Vaccinations a 'gift' says N.L. nurse, 74, after 1st COVID-19 dose

·3 min read
Submitted by Tonya Kearley-Russell
Submitted by Tonya Kearley-Russell

It's been a week since Newfoundland and Labrador started administering COVID-19 vaccinations to front-line health-care workers, and for some it meant a whole lot more than simply closing the chapter on an unpredictable year.

Diana Kearly is 74. She's also an emergency room nurse at the Dr. Walter Templeman Health Centre on Bell Island, and on Saturday afternoon, Kearly received her first of two doses of the Pfizer-BioNtech vaccine.

"I viewed the vaccines when they arrived, as early as they did, as a gift — a gift to mankind —and it's unfortunate that all mankind don't view it as a gift," Kearly told CBC Radio's On The Go.

"But, when you're 74 and you've been through other breakthrough vaccinations for illnesses that kill children, and adults, and mothers and fathers, any vaccination is a gift."

For Kearly, the COVID-19 pandemic is the latest in living and working through challenging health care situations. She has decades of memories from some of the world's most trying situations, including the tail end of tuberculosis, polio and SARS.

She was also a newly-graduated nurse in 1983 as the AIDS epidemic began sweeping the world.

"I, as a nurse working in intensive care, did look after a young AIDS patient at that time who died," she said.

"Back then, that was scary. It's like when COVID arrived. Nobody knew anything about COVID. But we were more prepared today for COVID than we were for AIDS."

Submitted by Tonya Kearley-Russell
Submitted by Tonya Kearley-Russell

'These vaccinations arrived to put an end to it'

Kearly falls into two of the vulnerable groups government and health officials have been trying to protect for the duration of the pandemic since March.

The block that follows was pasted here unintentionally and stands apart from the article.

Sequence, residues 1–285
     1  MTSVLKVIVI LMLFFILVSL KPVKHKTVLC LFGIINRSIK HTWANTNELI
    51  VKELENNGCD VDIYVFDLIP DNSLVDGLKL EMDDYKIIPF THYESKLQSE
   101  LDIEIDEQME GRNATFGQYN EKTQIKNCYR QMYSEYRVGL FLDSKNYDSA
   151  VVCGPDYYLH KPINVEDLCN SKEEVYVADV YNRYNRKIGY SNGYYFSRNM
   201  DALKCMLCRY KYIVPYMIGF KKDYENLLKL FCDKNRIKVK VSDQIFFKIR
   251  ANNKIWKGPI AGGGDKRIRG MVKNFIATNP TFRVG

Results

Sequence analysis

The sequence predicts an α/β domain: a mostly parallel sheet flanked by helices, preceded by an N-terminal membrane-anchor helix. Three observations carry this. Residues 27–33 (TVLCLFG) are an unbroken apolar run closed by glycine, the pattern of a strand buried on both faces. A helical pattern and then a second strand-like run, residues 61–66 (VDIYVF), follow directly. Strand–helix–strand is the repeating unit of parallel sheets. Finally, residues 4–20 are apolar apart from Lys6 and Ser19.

But as both a front-line healthcare worker, and a senior citizen, Kearly said she was never that worried about the actions she was taking, only for people who weren't following public health advice.

"I have no fear that I'm not going to look after me or you. My only fear is that you won't look after me by following procedure," she said.

And when she says age is just a number, she really means it.

Patrick Butler/Radio-Canada
Patrick Butler/Radio-Canada

Kearly pulls no punches in discussing the medical science that went into developing the ongoing rollout of vaccinations, swatting away fears and conspiracies that have surfaced since the initial announcement.

"People who are afraid to go out and take this vaccine because of the length of time it didn't take to develop it, they must realize that the development of it is probably the shortest part of it all," she said, adding in normal circumstances vaccinations are usually caught up in red tape, paperwork and funding.

"This is my take on it: we read history books about the Spanish influenza and the black plague, and thought 'my God the devastation.' In a generation's time people will read about this and they'll say 'my God the devastation.' But these vaccinations arrived to put an end to it," she said.

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